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Implications of CX Consistency for Researchers – Part 1 – Inter-Channel Consistency

Previously, we discussed the business case and implications for customer experience mangers for inter-channel consistency.

This post considers the implications of cross-channel consistency for customer experience researchers.  The first research implication of inter-channel consistency is to understand that researchers must investigate service delivery consistency at its cause.

The range of choices available to customers here in the 21-st century is incredible.  Gone are the Henry Ford days when you, as he put it, “could have any color you want as long as it’s black.”  Modern customers have an array of choices available to them not only in the brands but in delivery channels.   Modern brands must serve channels in the channel of the customer’s choice, be it on-line, mobile, contact center, or in-person.   As customer choice expands cross-channel consistency has become more and more important.

The problem for customer experience researchers is that this channel expansion requires a broad tool box of research techniques, as different channels require unique systems and processes appropriate to the channel.  Systems and processes for on-line channels are different than those for in-person channels.  These different systems and processes often lead to the siloing of channels, which may help make individual channels more efficient, but run the risk in inconsistencies in the customer experience from one channel to the other.

Customers, however, don’t look at a brand as a collection of siloed channels.  Customers do not care about organizational charts.  They expect a consistent customer experience regardless of channels.  Customers expect cross-channel consistency.

If senior management has defined the customer experience organization-wide, the researcher’s role in coordinating research tools is much easier.  If management has not defined the customer experience organization-wide, the researcher’s role is nearly impossible.

The first step in defining the customer experience organization-wide is writing a clear customer experience mission statement which clearly communicates how customers should experience the brand, and how management wants customers to feel as a result of the experience.  Next, the customer experience should be defined in terms of broad dimensions and specific attributes which constitute the desired customer experience and emotional reaction to the brand.

For illustration, let’s consider the following example:

A bank may define their customer experience with four broad dimensions, which can be described as:

  1. Relationship Building
  2. Sales Process
  3. Product Knowledge
  4. Customer Knowledge

Next, the customer experience leadership of this bank must define each of these broad dimensions in terms of specific attributes which combine to make up the dimensions.  For example, each of the above four dimensions may be defined by the following attributes:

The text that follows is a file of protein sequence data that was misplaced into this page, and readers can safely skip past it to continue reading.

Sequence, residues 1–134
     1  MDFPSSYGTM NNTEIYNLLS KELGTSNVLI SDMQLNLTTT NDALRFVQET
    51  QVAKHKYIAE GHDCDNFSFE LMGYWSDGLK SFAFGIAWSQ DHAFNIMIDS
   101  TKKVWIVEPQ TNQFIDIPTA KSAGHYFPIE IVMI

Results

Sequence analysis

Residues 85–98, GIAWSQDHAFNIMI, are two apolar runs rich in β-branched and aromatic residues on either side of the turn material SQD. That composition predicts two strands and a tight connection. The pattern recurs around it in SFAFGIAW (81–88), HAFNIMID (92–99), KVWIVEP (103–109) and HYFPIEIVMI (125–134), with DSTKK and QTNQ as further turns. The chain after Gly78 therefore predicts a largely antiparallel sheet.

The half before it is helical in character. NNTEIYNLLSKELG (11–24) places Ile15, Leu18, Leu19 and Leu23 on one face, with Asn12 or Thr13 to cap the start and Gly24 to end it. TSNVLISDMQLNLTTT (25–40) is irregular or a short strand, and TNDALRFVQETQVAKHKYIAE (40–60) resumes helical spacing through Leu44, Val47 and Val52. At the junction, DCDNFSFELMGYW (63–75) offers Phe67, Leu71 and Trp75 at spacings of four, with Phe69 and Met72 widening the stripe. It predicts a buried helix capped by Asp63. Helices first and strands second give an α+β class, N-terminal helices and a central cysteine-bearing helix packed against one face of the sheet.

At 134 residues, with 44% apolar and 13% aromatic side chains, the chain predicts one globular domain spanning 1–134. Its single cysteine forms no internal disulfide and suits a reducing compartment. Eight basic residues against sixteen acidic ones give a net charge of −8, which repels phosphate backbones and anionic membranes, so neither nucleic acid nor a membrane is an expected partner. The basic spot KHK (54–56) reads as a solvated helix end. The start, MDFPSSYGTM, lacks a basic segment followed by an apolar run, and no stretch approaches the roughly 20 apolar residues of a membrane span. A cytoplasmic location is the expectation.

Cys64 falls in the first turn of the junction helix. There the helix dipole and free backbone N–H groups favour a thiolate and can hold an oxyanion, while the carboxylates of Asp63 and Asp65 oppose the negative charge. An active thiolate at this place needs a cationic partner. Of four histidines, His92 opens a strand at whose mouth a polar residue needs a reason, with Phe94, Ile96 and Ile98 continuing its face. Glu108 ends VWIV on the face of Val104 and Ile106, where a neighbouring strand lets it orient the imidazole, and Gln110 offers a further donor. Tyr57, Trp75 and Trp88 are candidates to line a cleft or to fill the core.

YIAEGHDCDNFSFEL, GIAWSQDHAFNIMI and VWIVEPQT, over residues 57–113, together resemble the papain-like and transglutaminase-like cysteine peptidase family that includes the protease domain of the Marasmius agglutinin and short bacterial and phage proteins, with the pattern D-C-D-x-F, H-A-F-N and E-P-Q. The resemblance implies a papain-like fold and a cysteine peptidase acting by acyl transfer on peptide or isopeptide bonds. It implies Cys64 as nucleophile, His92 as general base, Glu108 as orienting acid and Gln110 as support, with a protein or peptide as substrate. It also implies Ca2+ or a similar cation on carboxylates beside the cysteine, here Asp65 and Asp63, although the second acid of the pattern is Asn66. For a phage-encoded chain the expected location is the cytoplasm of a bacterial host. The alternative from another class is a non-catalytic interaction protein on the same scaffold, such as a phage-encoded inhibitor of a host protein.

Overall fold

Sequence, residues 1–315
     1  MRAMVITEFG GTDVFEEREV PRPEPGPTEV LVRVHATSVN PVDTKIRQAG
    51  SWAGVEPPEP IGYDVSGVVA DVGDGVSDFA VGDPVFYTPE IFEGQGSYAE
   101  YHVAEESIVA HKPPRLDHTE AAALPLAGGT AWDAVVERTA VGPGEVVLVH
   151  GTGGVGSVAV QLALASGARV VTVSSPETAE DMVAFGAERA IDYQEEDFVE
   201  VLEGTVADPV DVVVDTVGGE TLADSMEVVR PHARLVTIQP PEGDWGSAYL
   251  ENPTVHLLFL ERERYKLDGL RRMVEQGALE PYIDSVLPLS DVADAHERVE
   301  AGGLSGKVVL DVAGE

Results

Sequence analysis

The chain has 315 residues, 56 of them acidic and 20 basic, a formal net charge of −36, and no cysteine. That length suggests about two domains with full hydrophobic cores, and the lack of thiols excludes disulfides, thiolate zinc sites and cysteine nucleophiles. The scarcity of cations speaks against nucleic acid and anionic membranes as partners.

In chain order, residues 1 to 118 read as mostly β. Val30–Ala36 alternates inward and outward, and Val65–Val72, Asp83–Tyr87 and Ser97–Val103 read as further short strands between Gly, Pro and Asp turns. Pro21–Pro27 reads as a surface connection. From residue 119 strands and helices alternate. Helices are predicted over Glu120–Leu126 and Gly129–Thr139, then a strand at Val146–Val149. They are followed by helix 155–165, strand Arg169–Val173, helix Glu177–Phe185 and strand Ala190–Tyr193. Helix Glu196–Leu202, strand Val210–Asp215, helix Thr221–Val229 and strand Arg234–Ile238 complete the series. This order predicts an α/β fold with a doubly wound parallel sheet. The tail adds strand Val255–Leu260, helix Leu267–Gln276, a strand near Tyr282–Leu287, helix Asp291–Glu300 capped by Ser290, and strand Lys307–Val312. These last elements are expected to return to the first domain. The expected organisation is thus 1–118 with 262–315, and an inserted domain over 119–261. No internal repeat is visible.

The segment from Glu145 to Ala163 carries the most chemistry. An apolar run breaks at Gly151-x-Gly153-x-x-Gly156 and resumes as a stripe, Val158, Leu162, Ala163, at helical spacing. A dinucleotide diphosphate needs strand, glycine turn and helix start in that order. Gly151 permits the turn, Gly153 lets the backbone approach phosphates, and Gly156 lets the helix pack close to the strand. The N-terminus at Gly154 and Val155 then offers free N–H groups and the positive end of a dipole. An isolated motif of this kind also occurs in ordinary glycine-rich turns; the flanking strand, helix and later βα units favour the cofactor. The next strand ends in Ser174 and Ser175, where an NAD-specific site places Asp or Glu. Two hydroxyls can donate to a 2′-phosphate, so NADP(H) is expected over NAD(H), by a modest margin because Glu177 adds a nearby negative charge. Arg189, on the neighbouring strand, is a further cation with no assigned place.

Dimension Attributes
Relationship Building Establish trust

Commitment to customer needs

Perceived as trusted advisor

Sales Process Referral to appropriate partner
Product Knowledge Understanding of a range of products

Understand features and benefits

Explain benefits in ways that are meaningful to customers

Customer Knowledge Needs analysis

Once each of the above dimensions has been defined in terms of specific attributes, the next step in translating the customer experience definition to action is to define a set of empirical behaviors which support each attribute.

For example, establishing trust is an attribute of relationship building.

Relationship Building –> Establish Trust

Under this example, a set of behaviors is defined which are designed to establish trust.  For example, these behaviors may be:

  • Maintain eye contact
  • Speak clearly
  • Maintain smile
  • Thank for business
  • Ask “What else may we assist you with today?”
  • Encourage future business

Now, each of these six behaviors is mapped across each channel.  So, for example, this bank may map these behaviors across channels as follows:

Behaviors Which Support Establishing Trust:

New Accounts Teller Contact Center
Maintain eye contact Maintain eye contact
Speak clearly Speak clearly Speak clearly
Maintain smile Maintain smile Sound as if they were smiling through the phone
Thank for business Thank for business Thank for business
Ask “What else may we assist you with today?” Ask “What else may we assist you with today?” Ask “What else they could do to assist you today?”
Encourage future business Encourage future business Encourage future business

Repeating this process of mapping behaviors to each of the attributes will produce a complete list of employee behaviors appropriate to each channel in support of management’s broader customer experience objectives.

Business Case and Implications for Consistency – Part 5 – Inter-Channel Consistency

Previously we explored the business case for consistency by considering the influence of poor experiences.

The modern customer experience environment is constituted of an ever expanding variety of delivery channels, with no evidence of the slowing of the pace of channel expansion.  As channel expansion continues, customer empowerment is increasing with customer choice.  Customer relationships with brands are not derived from individuals’ discrete interactions.  Rather, customer relationships are defined by clusters of interactions, clusters of interactions across the entire life cycle of the relationships, and across all channels.  Inter-channel consistency defines the customer relationship.

McKinsey and Company concluded in their 2014 report, The Three Cs of Customer Satisfaction: Consistency, Consistency, Consistency, demonstrated, in a retail banking context, a link between cross-channel consistency and bank performance.

In customers’ minds, all channels belong to the same brand.  Customers do not consider management silos or organizational charts – to them all channels are the same.  Customers expect consistent experiences regardless of channel.  In their minds, an agent at a call center should have the same information and training as in-person agents.